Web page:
January 29th, 2019 Last Updated on: January 19th, 2022
According to the American Indian Religious Freedom Act, Native Americans and Indigenous Hawaiians are protected and able to practice their religion without prosecution.
Because of this act, the San Quentin Prison allows Hula classes for the inmates.
Hula for native Hawaiians is less a dance for tourists and more spiritual practice. A way of life. This practice has brought life changes to the inmates who participate in the prison. Watch the video below to see how this cultural practice of Hula has been enjoyed by the inmates at San Quentin Prison.
The prison officially classifies the hula program not as a dance class, but as a spiritual practice. It operates under the auspices of the American Indian Religious Freedom Act, which is a federal act that allows all Native Americans and Native Hawaiians the right to practice their customs freely—even in prison. As such, Makuakane is not a dance teacher, but a spiritual adviser.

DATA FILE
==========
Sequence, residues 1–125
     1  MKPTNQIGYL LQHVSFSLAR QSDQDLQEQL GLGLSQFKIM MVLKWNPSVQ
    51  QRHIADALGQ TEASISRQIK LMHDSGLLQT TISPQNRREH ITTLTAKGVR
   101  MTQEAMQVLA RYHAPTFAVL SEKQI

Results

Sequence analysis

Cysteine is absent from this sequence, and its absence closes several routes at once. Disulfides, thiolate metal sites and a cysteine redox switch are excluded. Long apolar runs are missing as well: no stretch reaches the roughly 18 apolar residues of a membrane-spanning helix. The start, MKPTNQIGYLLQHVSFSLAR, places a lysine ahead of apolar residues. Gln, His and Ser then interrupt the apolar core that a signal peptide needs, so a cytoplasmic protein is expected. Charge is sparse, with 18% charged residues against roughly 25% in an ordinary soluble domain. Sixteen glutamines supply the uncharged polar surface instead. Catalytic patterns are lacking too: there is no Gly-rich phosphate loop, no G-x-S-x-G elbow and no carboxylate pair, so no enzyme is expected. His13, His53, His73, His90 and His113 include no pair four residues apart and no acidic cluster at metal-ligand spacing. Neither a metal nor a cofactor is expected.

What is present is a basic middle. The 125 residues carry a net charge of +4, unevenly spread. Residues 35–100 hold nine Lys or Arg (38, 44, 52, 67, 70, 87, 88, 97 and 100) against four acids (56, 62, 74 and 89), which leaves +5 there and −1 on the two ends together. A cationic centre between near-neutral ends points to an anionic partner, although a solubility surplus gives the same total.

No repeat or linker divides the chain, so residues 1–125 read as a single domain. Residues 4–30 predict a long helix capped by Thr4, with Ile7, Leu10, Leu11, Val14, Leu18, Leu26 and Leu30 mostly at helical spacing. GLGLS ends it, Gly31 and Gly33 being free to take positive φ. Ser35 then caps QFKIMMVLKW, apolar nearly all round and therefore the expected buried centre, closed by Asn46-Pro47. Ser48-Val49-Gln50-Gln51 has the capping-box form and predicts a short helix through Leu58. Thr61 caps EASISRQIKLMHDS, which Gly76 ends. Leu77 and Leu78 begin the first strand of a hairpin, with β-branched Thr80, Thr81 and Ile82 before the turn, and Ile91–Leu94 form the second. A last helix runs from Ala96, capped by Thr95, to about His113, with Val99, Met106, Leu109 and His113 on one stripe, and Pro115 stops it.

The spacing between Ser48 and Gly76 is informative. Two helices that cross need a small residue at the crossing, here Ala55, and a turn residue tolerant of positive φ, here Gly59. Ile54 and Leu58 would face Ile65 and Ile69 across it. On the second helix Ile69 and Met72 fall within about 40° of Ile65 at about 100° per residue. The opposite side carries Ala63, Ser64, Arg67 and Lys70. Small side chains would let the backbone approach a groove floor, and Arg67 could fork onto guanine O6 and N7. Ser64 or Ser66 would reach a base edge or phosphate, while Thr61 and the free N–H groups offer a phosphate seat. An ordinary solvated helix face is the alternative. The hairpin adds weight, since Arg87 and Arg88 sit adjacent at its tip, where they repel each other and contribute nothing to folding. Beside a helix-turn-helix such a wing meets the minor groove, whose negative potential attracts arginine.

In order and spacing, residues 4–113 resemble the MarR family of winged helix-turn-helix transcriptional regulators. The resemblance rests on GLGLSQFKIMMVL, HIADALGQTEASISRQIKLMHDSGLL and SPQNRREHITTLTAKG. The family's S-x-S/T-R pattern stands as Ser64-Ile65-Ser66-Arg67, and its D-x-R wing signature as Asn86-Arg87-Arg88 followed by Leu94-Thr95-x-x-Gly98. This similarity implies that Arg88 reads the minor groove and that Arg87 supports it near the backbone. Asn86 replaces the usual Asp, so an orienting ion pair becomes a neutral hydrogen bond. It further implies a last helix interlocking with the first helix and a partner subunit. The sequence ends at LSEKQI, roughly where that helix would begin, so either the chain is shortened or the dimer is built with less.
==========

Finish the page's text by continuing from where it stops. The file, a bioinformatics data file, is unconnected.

“What I get from it is not at all what I expected,” said Bun “Pee Wee.” He's one of the dancers featured in the video, in class at San Quentin.
“I gained a whole culture,” he said. “It feels like home. It feels like I belong.”
Could Pow Wow dances have the same effect?
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